This innovative book is the first comprehensive study of ancient Roman gardens to combine literary and archaeological evidence with contemporary space theory. It applies a variety of interdisciplinary methods including access analysis, literary and gender theory to offer a critical framework for interpreting Roman gardens as physical sites and representations.
The Roman Garden: Space, Sense, and Society examines how the garden functioned as a conceptual, sensual and physical space in Roman society, and its use as a vehicle of cultural communication. Readers will learn not only about the content and development of the Roman garden, but also how they promoted memories and experiences. It includes a detailed original analysis of garden terminology and concludes with three case studies on the House of Octavius Quartio and the House of the Menander in Pompeii, Pliny’s Tuscan garden, and Caligula’s Horti Lamiani in Rome.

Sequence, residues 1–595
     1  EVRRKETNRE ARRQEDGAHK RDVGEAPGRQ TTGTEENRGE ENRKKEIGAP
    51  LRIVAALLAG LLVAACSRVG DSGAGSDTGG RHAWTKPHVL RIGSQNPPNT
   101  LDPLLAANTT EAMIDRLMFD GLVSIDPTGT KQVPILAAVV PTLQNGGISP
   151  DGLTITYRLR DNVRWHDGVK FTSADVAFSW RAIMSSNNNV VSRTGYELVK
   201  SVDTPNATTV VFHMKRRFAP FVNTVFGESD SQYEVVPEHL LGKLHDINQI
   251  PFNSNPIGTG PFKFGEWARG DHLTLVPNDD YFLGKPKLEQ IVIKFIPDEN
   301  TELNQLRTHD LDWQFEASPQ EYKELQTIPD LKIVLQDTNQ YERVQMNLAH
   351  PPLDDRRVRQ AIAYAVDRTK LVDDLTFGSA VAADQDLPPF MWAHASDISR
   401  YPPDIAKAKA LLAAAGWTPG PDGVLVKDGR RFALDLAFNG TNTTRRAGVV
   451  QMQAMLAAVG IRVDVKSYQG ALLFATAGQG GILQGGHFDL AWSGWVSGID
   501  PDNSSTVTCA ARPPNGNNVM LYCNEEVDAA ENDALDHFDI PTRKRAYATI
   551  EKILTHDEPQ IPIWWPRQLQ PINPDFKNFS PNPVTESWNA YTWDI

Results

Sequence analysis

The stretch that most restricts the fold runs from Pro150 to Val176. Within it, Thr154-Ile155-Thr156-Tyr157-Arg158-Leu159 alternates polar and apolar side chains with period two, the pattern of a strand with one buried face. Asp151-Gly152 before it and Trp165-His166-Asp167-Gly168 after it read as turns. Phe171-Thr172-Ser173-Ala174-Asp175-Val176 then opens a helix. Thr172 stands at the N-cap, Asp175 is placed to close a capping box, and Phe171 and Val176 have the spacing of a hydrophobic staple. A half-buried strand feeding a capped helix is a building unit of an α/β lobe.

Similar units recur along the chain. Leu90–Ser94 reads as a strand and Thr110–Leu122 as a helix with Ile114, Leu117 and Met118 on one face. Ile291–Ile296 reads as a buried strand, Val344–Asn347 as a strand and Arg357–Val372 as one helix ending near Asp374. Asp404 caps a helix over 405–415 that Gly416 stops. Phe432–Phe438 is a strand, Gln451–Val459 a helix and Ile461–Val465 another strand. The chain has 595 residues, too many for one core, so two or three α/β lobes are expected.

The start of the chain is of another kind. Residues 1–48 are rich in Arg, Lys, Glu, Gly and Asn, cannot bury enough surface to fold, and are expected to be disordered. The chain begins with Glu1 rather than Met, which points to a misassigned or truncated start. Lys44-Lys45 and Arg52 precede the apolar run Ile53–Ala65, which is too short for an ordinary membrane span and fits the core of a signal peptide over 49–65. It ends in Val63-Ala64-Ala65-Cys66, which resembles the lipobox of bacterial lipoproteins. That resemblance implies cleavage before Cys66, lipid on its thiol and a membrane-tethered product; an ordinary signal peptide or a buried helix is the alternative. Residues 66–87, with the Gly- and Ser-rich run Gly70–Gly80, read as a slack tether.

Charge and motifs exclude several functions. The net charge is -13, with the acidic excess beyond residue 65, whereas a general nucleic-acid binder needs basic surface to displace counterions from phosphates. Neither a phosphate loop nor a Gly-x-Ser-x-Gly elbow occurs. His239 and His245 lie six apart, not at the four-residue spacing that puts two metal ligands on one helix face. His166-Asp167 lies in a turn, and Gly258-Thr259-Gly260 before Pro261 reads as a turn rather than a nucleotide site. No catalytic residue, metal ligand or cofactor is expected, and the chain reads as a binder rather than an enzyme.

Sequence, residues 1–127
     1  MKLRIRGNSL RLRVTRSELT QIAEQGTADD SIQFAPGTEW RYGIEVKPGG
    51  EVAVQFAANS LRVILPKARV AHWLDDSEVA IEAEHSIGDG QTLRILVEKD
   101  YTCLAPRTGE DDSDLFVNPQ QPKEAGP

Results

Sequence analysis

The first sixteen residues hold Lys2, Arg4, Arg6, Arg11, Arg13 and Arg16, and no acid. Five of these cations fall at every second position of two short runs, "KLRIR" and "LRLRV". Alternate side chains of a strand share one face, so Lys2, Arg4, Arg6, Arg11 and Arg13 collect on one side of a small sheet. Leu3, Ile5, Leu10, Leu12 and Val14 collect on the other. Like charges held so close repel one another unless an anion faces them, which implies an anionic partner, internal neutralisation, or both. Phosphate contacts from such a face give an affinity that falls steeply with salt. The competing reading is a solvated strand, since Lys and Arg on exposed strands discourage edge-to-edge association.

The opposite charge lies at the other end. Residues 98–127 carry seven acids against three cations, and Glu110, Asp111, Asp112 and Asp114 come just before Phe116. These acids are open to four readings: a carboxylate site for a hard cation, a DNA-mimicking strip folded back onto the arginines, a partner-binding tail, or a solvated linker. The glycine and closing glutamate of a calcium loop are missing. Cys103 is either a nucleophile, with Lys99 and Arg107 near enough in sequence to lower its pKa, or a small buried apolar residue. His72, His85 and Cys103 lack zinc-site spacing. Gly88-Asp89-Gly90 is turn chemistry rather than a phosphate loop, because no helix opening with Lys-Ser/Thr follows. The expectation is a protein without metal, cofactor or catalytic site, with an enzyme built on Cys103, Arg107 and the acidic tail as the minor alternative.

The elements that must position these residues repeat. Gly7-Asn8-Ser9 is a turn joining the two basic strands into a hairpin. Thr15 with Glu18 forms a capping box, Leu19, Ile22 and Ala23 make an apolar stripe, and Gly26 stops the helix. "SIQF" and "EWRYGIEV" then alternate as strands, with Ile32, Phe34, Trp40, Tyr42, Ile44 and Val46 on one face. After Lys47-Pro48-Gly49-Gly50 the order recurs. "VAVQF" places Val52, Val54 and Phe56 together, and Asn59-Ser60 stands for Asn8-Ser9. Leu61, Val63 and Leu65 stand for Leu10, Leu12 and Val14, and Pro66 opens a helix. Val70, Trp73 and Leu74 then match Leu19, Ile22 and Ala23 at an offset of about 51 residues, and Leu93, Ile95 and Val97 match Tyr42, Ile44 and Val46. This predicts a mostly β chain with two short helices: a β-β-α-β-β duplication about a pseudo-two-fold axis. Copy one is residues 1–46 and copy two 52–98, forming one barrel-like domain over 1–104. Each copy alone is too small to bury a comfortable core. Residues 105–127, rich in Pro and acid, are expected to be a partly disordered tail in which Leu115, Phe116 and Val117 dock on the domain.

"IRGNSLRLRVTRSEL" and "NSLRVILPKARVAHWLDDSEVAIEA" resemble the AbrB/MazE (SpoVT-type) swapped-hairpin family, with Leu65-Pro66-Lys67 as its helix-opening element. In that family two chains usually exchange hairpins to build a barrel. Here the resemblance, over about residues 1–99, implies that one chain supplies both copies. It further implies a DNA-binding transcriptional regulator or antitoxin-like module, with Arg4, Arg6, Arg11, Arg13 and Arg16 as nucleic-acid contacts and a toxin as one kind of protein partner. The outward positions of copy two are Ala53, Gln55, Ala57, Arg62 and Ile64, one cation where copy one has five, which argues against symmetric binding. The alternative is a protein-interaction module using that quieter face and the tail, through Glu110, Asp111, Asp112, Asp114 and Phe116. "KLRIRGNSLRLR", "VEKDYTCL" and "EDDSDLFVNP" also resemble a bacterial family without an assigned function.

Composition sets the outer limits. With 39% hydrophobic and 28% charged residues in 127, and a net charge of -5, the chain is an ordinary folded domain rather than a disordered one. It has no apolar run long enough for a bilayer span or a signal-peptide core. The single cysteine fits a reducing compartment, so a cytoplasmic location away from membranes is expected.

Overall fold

Providing both an introduction and an advanced analysis, this is a valuable and original addition to the growing scholarship in ancient gardens and will complement courses on Roman history, landscape archaeology and environmental history.
Table of Contents
Imago Hortorum: Introducing the Roman Garden Part 1: Entering Roman Garden Space Part 2: The Logic of Roman Garden Space Part 3: Experiencing the Roman Garden Part 4: Space, Sense and Society: Three Case Studies Conclusion: Gardens Bound and Unbound.
"Katharine von Stackelberg’s book on Roman gardens offers an engaging and welcome contribution to an emerging interest in cultivated ancient landscapes. . . any classicist studying gardens, landscapes, and even the Roman domus will find Stackelberg’s contribution a must-read, even if the reader is not (yet) versed in cognitive or space theory. Stackelberg well demonstrates the multivalency, complexity, and critical social role of Roman garden spaces and the experience of them. In a sense, then, and in so doing, Stackelberg brings Roman gardens back to life."
- Gillian McIntosh, San Francisco State University, in Bryn Mawr Classical Review 2010.07.56